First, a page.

Not to be outdone by Motorola Nokia the world’s biggest mobile phone maker, has unveiled three new multimedia N-series handsets at the Las Vegas Consumer Electronics Show, including a thin flip handset in the N7x range of phones which sell in large volumes.

The new N76 is 13.7 millimeters thick and will be available in the first quarter of 2007 before subsidies from operators or local taxes, Nokia said.

The initial models in the N-Series multimedia devices were criticized for their bulk. The N76 is designed around digital music playing, Internet browsing and photo blogging straight from the phone’s 2 megapixel camera.

Nokia’s phone launches are important because the company is the leader in the 1 billion-units-a-year handset market, with a global market share of around 35 percent.

Nokia has also brought its Internet Tablets under the umbrella of its NSeries, which, until now, only included smartphones. (The cell phone giant likes to refer to all of these devices as multimedia computers because of their multi-functionality.)

As with the 770, the N800 eschews any sort of cellular-wireless connectivity for Wi-Fi 802.11b/g. This thing is definitely more PDA than smartphone. It is a handheld, however, that’s designed for messaging, Web access, and (VoIP) calling from a hot spot or Wi-Fi connection in the home or office. You can also leverage a wireless hookup to a Bluetooth-enabled phone to connect to the Internet.

Nokia says the N800 is faster than its predecessor, adds a camera and full-screen finger QWERTY keyboard, and runs on an upgrade to the company’s Internet Tablet operating system, among other enhancements.

In addition to Google’s gTalk for VoIP calling, available with the previous model, Nokia has struck a deal to enable Skype service on the N800 as well.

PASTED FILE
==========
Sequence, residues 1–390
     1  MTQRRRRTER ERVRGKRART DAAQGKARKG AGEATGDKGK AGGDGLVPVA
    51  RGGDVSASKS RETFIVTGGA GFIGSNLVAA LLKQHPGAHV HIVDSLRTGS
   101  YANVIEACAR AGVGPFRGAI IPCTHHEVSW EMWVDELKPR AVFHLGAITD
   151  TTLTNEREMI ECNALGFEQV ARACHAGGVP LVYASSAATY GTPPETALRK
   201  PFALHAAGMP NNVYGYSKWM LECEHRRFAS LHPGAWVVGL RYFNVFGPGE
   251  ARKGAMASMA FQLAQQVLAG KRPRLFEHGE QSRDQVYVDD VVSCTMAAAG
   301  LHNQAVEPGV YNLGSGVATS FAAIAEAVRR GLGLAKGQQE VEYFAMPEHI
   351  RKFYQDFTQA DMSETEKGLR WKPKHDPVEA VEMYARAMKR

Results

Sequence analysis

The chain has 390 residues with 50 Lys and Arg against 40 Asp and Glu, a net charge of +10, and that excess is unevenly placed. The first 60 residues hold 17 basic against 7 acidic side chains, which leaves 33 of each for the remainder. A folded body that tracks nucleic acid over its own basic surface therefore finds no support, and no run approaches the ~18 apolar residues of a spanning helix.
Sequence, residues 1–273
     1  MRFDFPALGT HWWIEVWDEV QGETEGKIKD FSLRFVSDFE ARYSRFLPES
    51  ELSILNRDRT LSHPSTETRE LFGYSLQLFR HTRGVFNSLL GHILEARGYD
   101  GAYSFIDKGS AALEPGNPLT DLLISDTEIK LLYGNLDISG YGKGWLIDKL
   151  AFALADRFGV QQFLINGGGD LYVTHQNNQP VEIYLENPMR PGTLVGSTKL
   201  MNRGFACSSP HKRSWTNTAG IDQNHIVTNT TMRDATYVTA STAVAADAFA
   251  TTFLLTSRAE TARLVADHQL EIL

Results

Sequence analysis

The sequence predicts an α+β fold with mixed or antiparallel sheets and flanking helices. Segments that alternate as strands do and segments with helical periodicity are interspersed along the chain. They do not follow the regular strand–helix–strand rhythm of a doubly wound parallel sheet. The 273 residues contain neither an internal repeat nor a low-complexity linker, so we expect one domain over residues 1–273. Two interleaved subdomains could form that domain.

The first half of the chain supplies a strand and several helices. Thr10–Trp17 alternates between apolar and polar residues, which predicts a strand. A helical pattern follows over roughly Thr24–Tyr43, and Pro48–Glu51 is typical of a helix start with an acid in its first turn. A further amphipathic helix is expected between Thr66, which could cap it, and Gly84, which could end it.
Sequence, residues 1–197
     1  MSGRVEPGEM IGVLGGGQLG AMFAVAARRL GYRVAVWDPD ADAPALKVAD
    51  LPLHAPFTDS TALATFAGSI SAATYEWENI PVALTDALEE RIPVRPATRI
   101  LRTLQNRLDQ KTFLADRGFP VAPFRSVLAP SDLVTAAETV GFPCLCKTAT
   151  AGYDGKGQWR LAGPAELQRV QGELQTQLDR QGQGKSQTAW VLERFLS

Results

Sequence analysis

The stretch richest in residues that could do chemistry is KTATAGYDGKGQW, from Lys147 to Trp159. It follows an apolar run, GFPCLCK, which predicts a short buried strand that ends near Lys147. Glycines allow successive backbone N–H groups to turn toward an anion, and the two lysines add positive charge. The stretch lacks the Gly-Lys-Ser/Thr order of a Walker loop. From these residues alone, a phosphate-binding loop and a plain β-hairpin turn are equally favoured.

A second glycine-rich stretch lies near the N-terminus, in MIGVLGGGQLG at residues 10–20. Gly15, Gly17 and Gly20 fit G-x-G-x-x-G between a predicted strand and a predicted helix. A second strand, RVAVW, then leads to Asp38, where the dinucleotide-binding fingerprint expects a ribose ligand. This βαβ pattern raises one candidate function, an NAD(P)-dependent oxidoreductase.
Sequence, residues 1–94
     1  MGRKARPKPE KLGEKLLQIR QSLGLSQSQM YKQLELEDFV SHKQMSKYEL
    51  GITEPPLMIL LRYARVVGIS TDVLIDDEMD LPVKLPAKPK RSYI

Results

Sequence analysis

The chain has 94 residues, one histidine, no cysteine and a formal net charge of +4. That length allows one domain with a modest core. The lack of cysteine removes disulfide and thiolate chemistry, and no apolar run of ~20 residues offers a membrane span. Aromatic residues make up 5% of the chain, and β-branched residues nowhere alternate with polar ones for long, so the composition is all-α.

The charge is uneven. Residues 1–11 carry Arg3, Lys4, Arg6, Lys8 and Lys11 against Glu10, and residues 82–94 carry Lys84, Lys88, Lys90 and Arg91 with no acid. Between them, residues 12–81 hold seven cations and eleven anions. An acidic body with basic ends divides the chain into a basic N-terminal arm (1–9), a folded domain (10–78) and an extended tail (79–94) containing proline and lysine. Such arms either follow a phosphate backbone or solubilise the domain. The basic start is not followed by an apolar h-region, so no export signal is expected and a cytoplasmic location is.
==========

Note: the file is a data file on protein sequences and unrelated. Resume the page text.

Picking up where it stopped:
Nokia said it sold almost 40 million multimedia phones last year. It said the total market for these advanced phones, also called converged devices, was 90 million units in 2006, and is expected to grow to 250 million units in 2008. Last April, it had forecast the market would total 100 million in 2006.

Nokia said it sold nearly 70 million music phones in 2006. It said last year it aimed to sell 80 million music phones.

Nokia also announced a slimmer version of its N93 phone which doubles as a digital video camera, called the N93i. It will be available for 600 euros in the first quarter of 2007. It is 25 millimeters thick, down from 28.2 millimeters for the N93.

The Finnish company also unveiled a new Internet tablet, using the Linux operating system. Building on Nokia’s first Internet tablet, called the 770 Internet Tablet, the N800 introduces faster performance, a full-screen finger qwerty keyboard and an integrated Web camera.

The device, which does not need to go through time-consuming network-approval procedures from mobile telecoms operators because it uses a Wi-Fi short-range wireless Internet connection, will be on sale immediately in the United States and in Australia by April 2007.



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